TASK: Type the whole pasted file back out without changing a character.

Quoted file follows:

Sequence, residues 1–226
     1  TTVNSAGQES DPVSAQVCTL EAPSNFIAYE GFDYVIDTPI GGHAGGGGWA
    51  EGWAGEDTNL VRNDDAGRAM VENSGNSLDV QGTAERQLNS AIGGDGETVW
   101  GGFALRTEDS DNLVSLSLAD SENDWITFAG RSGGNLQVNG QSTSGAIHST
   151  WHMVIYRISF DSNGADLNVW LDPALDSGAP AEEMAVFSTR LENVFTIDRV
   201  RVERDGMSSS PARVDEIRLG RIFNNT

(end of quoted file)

Sequence, residues 1–226
     1  TTVNSAGQES DPVSAQVCTL EAPSNFIAYE GFDYVIDTPI GGHAGGGGWA
    51  EGWAGEDTNL VRNDDAGRAM VENSGNSLDV QGTAERQLNS AIGGDGETVW
   101  GGFALRTEDS DNLVSLSLAD SENDWITFAG RSGGNLQVNG QSTSGAIHST
   151  WHMVIYRISF DSNGADLNVW LDPALDSGAP AEEMAVFSTR LENVFTIDRV
   201  RVERDGMSSS PARVDEIRLG RIFNNT